A controversial vote in Venezuela on Sunday championed by beleaguered President Nicolas Maduro turned violent with half a dozen people reported killed and troops and protesters attacking each other in Caracas and elsewhere.
"This is war!" Caracas resident Conchita Ramirez exclaimed on television as she described troops firing at buildings and people in the capital.
The fiery unrest confirmed fears over the vote for a new "Constituent Assembly" called by Maduro in defiance of months of demonstrations and fierce international criticism.
He is gambling his four-year rule on the 545-member citizens' body that will be empowered to dissolve the opposition-controlled congress and change laws as it reforms the nation's constitution.
At least six people died overnight and into today, according to prosecutors, adding to a four-month death toll approaching 120.
Among those killed was was a 39-year-old lawyer in the southeastern town of Ciudad Bolivar who was a candidate to sit on the new assembly. He was shot by assailants in his home late yesterday. Prosecutors said the motive of the slaying was unknown.
Shootings in demonstrations today killed a 30-year-old regional leader of a youth opposition party in the northeast town of Cumana, two male protesters aged 28 and 39 in the western state of Merida, and a 43-year-old man in the western city of Barquisimeto.
A 38-year-old man was killed in Merida yesterday in another demonstration.
In eastern Caracas today, four soldiers were wounded when an improvised explosive targeted their motorbike convoy.
In the west of the city, national guard troops fanned out, using armored vehicles, rubber bullets and teargas to disperse protesters blocking roads.
Soldiers also violently moved against protesters in the second city of Maracaibo, in the west, and Puerto Ordaz in the east.
The opposition had called for a boycott and mass demonstrations against the election, which it called a bid by Maduro to install a dictatorship with the backing of the military.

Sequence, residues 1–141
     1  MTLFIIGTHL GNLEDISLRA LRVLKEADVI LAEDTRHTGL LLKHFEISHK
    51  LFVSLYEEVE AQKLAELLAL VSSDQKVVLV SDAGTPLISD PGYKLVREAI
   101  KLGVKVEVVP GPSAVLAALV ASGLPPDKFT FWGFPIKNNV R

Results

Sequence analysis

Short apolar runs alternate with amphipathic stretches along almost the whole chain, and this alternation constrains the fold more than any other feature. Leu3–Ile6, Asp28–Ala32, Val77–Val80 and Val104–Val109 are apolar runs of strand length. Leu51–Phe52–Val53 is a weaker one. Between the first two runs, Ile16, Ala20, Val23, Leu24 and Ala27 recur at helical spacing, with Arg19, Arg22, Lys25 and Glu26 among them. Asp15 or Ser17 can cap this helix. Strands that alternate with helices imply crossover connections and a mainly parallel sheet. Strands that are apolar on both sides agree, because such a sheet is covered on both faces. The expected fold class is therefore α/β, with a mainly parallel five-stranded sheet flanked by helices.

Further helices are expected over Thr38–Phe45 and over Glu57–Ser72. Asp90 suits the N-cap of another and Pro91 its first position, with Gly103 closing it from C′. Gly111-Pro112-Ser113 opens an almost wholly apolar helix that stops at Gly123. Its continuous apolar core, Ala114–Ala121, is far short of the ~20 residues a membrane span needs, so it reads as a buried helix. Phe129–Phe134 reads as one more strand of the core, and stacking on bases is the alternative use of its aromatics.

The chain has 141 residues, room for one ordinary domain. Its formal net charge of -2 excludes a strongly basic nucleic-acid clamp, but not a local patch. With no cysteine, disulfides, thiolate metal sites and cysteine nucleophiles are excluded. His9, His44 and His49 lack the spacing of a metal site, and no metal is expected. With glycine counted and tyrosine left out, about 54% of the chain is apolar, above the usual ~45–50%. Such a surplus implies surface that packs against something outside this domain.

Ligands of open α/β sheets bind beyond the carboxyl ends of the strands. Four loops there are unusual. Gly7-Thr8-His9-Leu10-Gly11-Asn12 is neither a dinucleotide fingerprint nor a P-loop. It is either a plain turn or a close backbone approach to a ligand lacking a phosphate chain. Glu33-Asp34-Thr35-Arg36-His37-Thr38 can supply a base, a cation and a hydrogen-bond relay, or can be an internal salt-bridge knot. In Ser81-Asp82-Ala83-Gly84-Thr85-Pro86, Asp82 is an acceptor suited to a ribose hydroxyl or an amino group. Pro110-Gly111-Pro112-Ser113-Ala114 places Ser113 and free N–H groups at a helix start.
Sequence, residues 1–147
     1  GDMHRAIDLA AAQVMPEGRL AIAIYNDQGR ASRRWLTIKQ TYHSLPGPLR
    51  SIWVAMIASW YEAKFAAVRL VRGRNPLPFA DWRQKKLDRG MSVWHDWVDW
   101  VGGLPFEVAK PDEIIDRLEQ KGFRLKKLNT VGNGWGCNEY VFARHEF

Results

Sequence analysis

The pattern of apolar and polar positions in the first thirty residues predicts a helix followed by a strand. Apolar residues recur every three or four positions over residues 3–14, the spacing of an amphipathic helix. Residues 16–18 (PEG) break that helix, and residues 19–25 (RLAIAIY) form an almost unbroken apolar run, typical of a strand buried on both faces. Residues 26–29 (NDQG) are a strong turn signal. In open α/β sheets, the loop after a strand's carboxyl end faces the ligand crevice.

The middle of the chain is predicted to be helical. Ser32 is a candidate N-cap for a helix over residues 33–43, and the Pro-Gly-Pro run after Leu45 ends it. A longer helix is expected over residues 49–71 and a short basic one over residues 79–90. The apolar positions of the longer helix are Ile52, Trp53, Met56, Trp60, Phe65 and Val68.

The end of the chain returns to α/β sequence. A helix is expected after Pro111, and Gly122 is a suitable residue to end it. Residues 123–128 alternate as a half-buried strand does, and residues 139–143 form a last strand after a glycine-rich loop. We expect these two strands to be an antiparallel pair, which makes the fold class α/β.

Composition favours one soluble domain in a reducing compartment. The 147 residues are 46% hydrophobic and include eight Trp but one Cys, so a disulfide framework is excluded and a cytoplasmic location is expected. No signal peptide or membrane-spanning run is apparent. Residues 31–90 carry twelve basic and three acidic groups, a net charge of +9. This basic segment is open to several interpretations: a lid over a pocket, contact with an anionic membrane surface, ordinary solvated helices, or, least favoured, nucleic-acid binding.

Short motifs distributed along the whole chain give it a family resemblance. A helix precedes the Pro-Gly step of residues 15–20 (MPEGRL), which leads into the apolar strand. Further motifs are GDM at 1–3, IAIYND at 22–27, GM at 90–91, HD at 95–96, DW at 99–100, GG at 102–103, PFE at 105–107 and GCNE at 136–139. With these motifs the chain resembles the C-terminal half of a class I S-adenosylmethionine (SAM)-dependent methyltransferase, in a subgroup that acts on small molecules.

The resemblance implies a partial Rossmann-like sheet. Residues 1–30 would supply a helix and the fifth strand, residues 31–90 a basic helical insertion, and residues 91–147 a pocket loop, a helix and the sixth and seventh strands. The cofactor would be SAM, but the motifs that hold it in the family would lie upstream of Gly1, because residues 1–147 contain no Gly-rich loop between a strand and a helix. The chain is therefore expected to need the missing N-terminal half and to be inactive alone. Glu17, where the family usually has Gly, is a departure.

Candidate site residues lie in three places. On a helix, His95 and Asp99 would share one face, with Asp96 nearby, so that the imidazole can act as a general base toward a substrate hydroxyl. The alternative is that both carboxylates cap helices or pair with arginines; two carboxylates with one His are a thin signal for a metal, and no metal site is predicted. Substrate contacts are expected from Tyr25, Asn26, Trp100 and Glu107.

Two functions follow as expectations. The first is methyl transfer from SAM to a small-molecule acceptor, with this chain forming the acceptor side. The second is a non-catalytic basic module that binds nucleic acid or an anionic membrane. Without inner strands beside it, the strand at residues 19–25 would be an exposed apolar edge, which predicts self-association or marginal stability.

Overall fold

Maduro kicked off voting by casting his ballot in a west Caracas polling station.
"I'm the first voter in the country. I ask God for his blessings so the people can freely exercise their democratic right to vote," the president said. He was accompanied by his wife, Cilia Flores, who is a candidate to sit on the new assembly.
Turnout will be key to determining the legitimacy of the election.
But that will be difficult to ascertain as most voters will be able to vote twice, because candidates were drawn from social and industry sectors as well as geographically.
Surveys by Datanalisis, a pro-opposition polling firm, show more than 70 per cent of Venezuelans opposed the idea of the new assembly -- and 80 per cent reject Maduro's leadership.
Maduro decreed a ban on protests during and after the vote, threatening prison terms of up to 10 years for anyone violating the order.
But protesters increasingly came out on the street to ignore the ban.
The people are not going to give up the streets until this awful government goes," militant Carlos Zambrano, 54, told AFP in western Caracas.
Journalists trying to cover the situation in the neighborhood were set upon by soldiers who crudely told them to leave.
Fear of the violence worsening has rippled across the region, and beyond.
The US, the EU and Latin American powers, including Argentina, Brazil, Colombia and Mexico, have come out against the election, saying it would destroy Venezuelan democracy.
Several foreign airlines, including Air France, Delta, Avianca and Iberia have suspended flights to the country over security concerns.
The US has ordered the families of its diplomats to leave after imposing sanctions on 13 current and former Venezuelan officials.
Maduro has described the election as the most important Venezuela has seen, and the Constituent Assembly a "card that will win this game."
"I have come to vote to tell the gringos and the opposition that we want peace, not war, and that we support Maduro," said voter Ana Contreras.
The head of Datanalisis, Luis Vicente Leon, said the Constituent Assembly was being formed because the uncharismatic Maduro -- whose term is meant to finish next year -- "can't win elections."
Colombia, Panama and Peru -- refuges for tens of thousands of Venezuelans fleeing the chaos at home -- have said they will not recognize the results of the election.
The US has suggested further sanctions could follow. The oil industry is worried they could target Venezuela's crude exports, 40 per cent of which are bought by the United States.
Some in Maduro's administration have broken ranks with him, most prominently his attorney general. Two diplomats resigned this week in dissent: one at the United Nations and another at the embassy in Panama.